“Age discrimination is one of the most common things I hear about,” says Toothacre. “My challenge to hiring managers is to see the benefits from both ends of the age spectrum and not assume how or why someone is making career choices. Many older candidates I’ve spoken to are interested in lower-level positions because they don’t want stress at the end of their careers. It means they will stay in the position longer and don’t care about being promoted.”

Asking about a candidate’s family, including marital status, pregnancy, and family background, is also illegal. Despite this, 17% of hiring managers always ask about these topics, 22% often inquire, and 17% sometimes do. Conversely, 13% rarely ask, and 32% never do.

Of this group, 67% ask about marital status, 60% ask if they have kids, and 35% discuss family history/background. Pregnancy is also a common subject, with 33% of hiring managers asking if a candidate is pregnant and 21% if they plan to become pregnant.

Fifty-seven percent say their answer was likely to affect whether they are hired, while 43% say that this information is unlikely to have implications, and 6% are unsure.

“Hiring managers bring up family topics because they either want to know where your priorities will be throughout the day, or they had a bad experience with a previous employee,” explains Toothacre. “A hiring manager might prefer to hire someone without kids because it’s assumed they will need less time off. The argument here is that everyone is given a certain amount of time off and should be able to use it when needed, regardless of the reason. It’s also not fair to assume that someone without kids will be more available.”

1 in 2 Ask Unlawful Health, Disability Questions

Hiring managers cannot legally ask about candidates’ health and disabilities. In spite of this, 29% of hiring managers report that they always (19%) or often (20%) ask about medical history, while 10% sometimes do so. Additionally, 8% rarely and 43% never ask.

The vast majority (75%) say candidate responses are likely to affect whether they are hired, 25% report that they are unlikely to affect decisions, and 7% are not sure of the effect.

Hiring managers also ask about candidates’ disabilities: 23% always ask disability-related questions, and 18% often do. Meanwhile, 17% sometimes discuss disabilities, and 43% rarely (13%) or never (30%) do. Of this group, 68% said their answer was likely to affect whether they are hired, while 32% report being unlikely to affect the process and 7% are unsure.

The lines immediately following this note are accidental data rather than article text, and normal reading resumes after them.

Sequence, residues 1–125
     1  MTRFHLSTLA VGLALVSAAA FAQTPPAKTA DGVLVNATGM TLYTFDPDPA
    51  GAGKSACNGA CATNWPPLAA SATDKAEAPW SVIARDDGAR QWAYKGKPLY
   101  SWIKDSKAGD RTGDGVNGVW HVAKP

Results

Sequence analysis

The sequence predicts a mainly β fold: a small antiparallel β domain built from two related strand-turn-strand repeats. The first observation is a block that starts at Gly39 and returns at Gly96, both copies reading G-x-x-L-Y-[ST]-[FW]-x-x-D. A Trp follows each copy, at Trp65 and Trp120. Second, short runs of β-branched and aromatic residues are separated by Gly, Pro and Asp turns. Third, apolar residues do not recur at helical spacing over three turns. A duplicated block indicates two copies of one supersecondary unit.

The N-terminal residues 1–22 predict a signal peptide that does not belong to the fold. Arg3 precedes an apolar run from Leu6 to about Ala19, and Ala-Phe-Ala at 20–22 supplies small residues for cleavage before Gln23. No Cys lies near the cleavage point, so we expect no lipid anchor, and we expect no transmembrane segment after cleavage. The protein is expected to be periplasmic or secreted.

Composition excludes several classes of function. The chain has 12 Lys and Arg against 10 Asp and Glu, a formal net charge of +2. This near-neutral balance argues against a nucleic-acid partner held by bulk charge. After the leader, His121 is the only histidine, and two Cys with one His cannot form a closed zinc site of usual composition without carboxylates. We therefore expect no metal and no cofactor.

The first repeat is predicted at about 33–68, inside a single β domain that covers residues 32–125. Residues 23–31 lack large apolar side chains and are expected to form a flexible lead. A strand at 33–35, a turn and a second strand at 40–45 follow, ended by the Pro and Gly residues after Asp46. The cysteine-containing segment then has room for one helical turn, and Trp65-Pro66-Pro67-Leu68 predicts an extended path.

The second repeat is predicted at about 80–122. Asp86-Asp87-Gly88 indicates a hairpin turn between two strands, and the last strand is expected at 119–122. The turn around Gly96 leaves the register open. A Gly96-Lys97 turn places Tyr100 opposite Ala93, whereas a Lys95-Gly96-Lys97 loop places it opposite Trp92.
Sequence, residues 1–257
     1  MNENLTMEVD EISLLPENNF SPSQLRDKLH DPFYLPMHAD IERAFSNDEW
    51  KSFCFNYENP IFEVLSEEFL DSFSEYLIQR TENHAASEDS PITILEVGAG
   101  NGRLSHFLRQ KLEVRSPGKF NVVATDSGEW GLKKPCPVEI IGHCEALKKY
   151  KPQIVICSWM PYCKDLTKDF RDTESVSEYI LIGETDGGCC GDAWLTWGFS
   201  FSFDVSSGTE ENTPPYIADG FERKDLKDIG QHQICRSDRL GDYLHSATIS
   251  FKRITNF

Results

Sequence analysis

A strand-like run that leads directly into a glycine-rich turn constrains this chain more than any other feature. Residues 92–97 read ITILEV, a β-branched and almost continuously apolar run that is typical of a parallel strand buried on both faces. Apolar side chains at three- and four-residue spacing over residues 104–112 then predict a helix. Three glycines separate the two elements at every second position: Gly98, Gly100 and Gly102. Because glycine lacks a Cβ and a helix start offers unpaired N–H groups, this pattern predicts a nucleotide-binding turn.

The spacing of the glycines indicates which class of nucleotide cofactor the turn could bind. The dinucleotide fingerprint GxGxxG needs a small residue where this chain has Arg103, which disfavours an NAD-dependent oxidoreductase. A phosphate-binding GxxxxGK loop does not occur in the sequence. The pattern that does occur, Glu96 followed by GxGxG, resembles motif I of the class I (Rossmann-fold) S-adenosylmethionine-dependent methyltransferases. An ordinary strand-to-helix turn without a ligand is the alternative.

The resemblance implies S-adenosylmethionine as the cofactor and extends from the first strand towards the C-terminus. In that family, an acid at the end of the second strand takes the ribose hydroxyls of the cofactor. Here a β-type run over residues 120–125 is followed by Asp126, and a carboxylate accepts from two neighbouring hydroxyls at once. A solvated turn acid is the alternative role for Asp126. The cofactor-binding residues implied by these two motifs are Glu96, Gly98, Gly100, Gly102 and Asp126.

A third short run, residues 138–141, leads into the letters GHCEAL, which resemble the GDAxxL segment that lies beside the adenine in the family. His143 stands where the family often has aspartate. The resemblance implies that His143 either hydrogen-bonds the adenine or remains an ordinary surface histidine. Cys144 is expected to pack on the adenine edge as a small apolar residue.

3 in 5 Regularly Inquire About Candidate’s Prior Salary

In 30 states, it is illegal to ask about a candidate’s salary history; nonetheless, 39% of hiring managers always (15%) or often (24%) ask. Conversely, 23% sometimes ask, 15% rarely ask, and 24% never do.

“A person’s previous salary doesn’t have any bearing on the future salary,” explains Toothacre. “There are too many inconsistencies between location, industry, function, and size of the company to use a previous salary to inform a future salary. Most companies have salary bands for all their positions that are based on location, industry, level, and other factors from the organization. Companies should be using those bands in combination with the candidate’s experience to determine the offer.”

1 in 3 Bring Up Controversial Political Topics

While not illegal, it is controversial to discuss political views during the hiring process, yet many hiring managers do so anyway. Of surveyed hiring managers, 19% always (5%) or often (14%) ask candidates about political beliefs, while 10% sometimes bring up these topics. Additionally, 9% rarely and 63% never ask about politics.

Of those who do, 57% say they are more likely to hire a candidate who supports Biden, and 26% report being more likely to hire someone pro-Trump. Meanwhile, 13% say they are less likely to hire a Biden supporter, and 20% are less likely to hire someone who backs Trump. Finally, 30% are no more or less likely to hire a Biden supporter, and 54% feel neutral about hiring a pro-Trump candidate.

“Hiring bias and discrimination is a huge problem, even with all the laws in place,” says Toothacre. “Hiring managers and owners know that it’s unlikely someone sues them for discrimination in hiring because it’s hard to prove. It doesn’t make it any less of an issue. Hiring managers need to realize that they are hiring people, and you never know what will happen in someone’s life that might impact their work. In many cases, it’s outside of their control.

“Think about all the talent going to waste because there was a bias or assumption made about someone. Imagine if people were given the benefit of the doubt and then held accountable within their positions to meet specific goals versus being judged for their life choices.”


This survey was commissioned by ResumeBuilder.com and conducted online by the survey platform Pollfish. It was launched on April 3, 2024. Overall, 1,000 hiring managers completed the full survey.

To qualify for the survey, all participants had to meet demographic criteria, including being currently employed, 25 or older, having an organizational role of middle management or higher, having an income of at least $50,000, and working for a company with at least 11 employees.